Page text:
"I don't see why we shouldn't look back at what happened on tour: I don't think there's a danger in taking the positives from an area in which we were extremely successful," he says. "But there's a flip side, because the scrum isn't the only part of the game, much as we props would like it to be. It wouldn't be good for us to get sucked into thinking that winning the set-piece battle automatically means we win the game as well. We couldn't have been much more dominant up front than we were in Perth, yet we lost the Test. The Wallabies showed us that there is more than one way to win a rugby match.

"We all know the Wallaby scrum struggled in Wales last week and yes, there's a perceived weakness there. We'll be after them at the set piece, obviously. I just hope the scrums are a proper contest, with two packs wanting to have a go at each other. But you won't catch us believing any of the hype that's flying around. That way, you come a cropper. Anything you get in rugby, you have to earn."

To Rowntree's educated eye, Cole is reminiscent of the young Phil Vickery, who broke into the England side in 1998 and achieved a thing or two over the ensuing decade: a World Cup victory and a Grand Slam in 2003, a second global final four years later and five Test starts for the British and Irish Lions. You can see the coach's point. Cole is both tall – an inch taller than Vickery at 6ft 3in – and a hefty specimen, weighing in at 18st 8lb. (His predecessor was a similar weight, and moved with the same agricultural gait.) "He has a very good temperament, just like Phil, and he wants to learn," Rowntree remarks. "I don't want to bull him up too much, but he might be just a little better-looking."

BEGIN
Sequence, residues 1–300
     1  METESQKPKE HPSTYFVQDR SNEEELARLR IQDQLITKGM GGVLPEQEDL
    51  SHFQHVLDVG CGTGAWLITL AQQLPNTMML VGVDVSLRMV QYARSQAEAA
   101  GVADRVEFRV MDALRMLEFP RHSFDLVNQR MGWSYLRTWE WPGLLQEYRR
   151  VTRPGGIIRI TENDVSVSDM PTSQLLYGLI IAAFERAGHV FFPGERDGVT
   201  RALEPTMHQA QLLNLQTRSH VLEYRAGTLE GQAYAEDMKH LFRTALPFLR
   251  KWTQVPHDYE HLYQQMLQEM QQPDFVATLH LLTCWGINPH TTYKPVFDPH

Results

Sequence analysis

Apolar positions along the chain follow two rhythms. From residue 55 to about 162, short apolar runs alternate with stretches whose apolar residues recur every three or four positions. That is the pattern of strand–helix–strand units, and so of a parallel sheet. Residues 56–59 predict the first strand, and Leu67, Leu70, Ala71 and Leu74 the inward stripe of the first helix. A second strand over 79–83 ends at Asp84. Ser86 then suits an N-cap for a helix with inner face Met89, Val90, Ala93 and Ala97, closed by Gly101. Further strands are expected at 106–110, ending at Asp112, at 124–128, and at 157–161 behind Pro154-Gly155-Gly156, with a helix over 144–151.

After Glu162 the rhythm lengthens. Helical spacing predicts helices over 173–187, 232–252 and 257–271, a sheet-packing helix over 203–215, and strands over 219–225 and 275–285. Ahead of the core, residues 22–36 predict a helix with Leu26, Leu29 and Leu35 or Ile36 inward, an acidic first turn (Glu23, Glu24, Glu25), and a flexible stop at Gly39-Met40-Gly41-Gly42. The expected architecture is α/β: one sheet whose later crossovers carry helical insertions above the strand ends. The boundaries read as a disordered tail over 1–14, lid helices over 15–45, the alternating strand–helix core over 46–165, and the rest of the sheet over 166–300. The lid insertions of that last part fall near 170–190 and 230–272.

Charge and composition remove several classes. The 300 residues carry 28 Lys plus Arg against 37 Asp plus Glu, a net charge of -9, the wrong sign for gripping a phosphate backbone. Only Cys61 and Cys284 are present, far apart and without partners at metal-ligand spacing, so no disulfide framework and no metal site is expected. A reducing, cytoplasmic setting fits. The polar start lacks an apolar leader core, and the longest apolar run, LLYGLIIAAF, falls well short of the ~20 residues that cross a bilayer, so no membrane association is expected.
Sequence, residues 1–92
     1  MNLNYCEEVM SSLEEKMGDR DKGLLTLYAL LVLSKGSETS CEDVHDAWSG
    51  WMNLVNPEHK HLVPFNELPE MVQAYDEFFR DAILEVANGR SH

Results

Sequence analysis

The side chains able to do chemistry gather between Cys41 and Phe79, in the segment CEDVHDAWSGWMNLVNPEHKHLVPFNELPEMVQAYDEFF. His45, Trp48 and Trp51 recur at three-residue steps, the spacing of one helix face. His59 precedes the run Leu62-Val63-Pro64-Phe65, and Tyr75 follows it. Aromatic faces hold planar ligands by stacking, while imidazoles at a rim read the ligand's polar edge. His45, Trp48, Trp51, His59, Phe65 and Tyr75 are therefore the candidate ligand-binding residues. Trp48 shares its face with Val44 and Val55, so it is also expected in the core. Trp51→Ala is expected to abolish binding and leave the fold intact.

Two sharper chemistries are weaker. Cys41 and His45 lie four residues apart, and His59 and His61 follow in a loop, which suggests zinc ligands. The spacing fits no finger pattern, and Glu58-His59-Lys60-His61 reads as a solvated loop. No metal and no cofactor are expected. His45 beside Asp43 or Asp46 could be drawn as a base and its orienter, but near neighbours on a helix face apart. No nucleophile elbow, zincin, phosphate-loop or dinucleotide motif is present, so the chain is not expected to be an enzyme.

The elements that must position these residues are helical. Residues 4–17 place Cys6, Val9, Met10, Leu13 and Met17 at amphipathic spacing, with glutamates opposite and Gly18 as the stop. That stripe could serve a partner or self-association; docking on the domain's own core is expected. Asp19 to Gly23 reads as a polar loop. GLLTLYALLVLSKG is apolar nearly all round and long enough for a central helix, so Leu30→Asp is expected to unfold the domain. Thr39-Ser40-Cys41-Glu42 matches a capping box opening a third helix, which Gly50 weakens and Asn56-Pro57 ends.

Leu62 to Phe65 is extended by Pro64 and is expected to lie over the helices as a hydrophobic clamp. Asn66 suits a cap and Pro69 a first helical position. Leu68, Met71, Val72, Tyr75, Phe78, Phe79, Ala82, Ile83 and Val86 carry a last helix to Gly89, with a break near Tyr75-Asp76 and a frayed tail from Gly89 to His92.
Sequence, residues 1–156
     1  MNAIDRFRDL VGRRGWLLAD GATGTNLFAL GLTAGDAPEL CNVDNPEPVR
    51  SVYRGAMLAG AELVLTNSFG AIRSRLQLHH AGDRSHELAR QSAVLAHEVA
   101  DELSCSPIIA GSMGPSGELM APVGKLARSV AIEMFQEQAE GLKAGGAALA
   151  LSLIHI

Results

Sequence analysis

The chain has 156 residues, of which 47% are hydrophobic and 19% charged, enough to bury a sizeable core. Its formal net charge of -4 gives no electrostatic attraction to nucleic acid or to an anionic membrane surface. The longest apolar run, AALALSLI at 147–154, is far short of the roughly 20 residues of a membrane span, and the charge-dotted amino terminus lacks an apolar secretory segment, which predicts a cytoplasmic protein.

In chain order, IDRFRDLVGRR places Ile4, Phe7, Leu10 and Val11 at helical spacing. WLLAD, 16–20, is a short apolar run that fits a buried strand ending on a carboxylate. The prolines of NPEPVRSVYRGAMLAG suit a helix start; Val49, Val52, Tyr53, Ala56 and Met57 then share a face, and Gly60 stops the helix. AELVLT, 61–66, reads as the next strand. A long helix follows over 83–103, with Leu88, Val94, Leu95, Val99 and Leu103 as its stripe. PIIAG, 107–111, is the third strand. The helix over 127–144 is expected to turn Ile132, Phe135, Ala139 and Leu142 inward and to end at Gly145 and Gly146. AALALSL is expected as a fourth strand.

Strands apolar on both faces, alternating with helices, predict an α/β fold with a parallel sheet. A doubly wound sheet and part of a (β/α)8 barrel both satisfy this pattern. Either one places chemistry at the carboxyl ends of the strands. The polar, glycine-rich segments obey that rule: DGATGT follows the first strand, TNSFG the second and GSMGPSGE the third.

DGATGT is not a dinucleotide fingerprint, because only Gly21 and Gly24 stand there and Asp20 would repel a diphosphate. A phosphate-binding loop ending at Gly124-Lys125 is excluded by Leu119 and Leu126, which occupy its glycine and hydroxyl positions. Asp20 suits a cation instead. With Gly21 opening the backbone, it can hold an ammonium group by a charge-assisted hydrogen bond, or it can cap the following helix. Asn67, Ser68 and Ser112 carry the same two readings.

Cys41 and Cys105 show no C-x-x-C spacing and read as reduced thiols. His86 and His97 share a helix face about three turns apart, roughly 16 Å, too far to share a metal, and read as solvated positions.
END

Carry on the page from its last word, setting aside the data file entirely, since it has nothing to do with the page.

He might turn out to be a better scrummager, too – or at least, a scrummager better suited to the demands of the modern game. In pure set-piece terms, Vickery was at his most effective in the age of the "cavalry charge" hit, when forward packs smashed into each other from distance. These days, the referee runs through a process bordering on the interminable, bringing the rival props to within touching distance and holding them on a long pause before full contact is made. They could exchange phone numbers and go on a first date in the time it takes to engage, and sports science being what it is, the players rehearse every individual stage of what Rowntree calls the "cadence".

"Ah yes, the cadence," says Cole, who seems far more comfortable with the intricacies of this current triumph of long-windedness than the Cornish yeoman Vickery did in the later stages of his career. "Actually, I don't think it's too bad a system. It certainly makes it more difficult for inferior packs to mess around as they once did – all that 'threequarter crouch' and 'rolling hit' stuff. The referee is much more in control now, or ought to be, and that should ensure that the dominant scrum is rewarded, which is what we want to see."